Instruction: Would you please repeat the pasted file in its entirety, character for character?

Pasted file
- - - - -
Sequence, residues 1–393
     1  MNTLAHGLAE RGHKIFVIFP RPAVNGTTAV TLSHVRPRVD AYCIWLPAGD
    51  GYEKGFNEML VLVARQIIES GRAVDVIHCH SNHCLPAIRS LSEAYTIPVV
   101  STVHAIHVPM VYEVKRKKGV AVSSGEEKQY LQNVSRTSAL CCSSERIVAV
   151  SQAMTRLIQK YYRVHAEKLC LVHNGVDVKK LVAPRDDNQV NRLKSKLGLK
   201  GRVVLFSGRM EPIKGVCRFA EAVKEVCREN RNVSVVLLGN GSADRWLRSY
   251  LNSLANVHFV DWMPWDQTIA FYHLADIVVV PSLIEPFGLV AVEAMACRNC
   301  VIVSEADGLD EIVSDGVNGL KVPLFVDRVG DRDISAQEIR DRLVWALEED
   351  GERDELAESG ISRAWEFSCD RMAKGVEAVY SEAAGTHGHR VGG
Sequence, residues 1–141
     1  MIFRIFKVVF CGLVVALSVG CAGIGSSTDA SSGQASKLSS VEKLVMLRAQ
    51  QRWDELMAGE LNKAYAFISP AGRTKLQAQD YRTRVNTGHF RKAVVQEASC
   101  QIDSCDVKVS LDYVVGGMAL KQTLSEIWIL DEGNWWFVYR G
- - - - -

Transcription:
Sequence, residues 1–393
     1  MNTLAHGLAE RGHKIFVIFP RPAVNGTTAV TLSHVRPRVD AYCIWLPAGD
    51  GYEKGFNEML VLVARQIIES GRAVDVIHCH SNHCLPAIRS LSEAYTIPVV
   101  STVHAIHVPM VYEVKRKKGV AVSSGEEKQY LQNVSRTSAL CCSSERIVAV
   151  SQAMTRLIQK YYRVHAEKLC LVHNGVDVKK LVAPRDDNQV NRLKSKLGLK
   201  GRVVLFSGRM EPIKGVCRFA EAVKEVCREN RNVSVVLLGN GSADRWLRSY
   251  LNSLANVHFV DWMPWDQTIA FYHLADIVVV PSLIEPFGLV AVEAMACRNC
   301  VIVSEADGLD EIVSDGVNGL KVPLFVDRVG DRDISAQEIR DRLVWALEED
   351  GERDELAESG ISRAWEFSCD RMAKGVEAVY SEAAGTHGHR VGG
Sequence, residues 1–141
     1  MIFRIFKVVF CGLVVALSVG CAGIGSSTDA SSGQASKLSS VEKLVMLRAQ
    51  QRWDELMAGE LNKAYAFISP AGRTKLQAQD YRTRVNTGHF RKAVVQEASC
   101  QIDSCDVKVS LDYVVGGMAL KQTLSEIWIL DEGNWWFVYR G